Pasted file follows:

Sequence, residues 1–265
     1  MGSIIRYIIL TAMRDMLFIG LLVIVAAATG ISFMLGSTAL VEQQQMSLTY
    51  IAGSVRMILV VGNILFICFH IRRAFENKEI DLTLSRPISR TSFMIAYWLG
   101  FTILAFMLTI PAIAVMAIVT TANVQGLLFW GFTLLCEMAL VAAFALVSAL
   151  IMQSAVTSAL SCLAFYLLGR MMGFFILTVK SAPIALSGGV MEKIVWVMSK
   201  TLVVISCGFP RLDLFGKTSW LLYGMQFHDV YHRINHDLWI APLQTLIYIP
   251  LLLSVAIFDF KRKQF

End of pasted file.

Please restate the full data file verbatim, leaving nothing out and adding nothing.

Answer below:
Sequence, residues 1–265
     1  MGSIIRYIIL TAMRDMLFIG LLVIVAAATG ISFMLGSTAL VEQQQMSLTY
    51  IAGSVRMILV VGNILFICFH IRRAFENKEI DLTLSRPISR TSFMIAYWLG
   101  FTILAFMLTI PAIAVMAIVT TANVQGLLFW GFTLLCEMAL VAAFALVSAL
   151  IMQSAVTSAL SCLAFYLLGR MMGFFILTVK SAPIALSGGV MEKIVWVMSK
   201  TLVVISCGFP RLDLFGKTSW LLYGMQFHDV YHRINHDLWI APLQTLIYIP
   251  LLLSVAIFDF KRKQF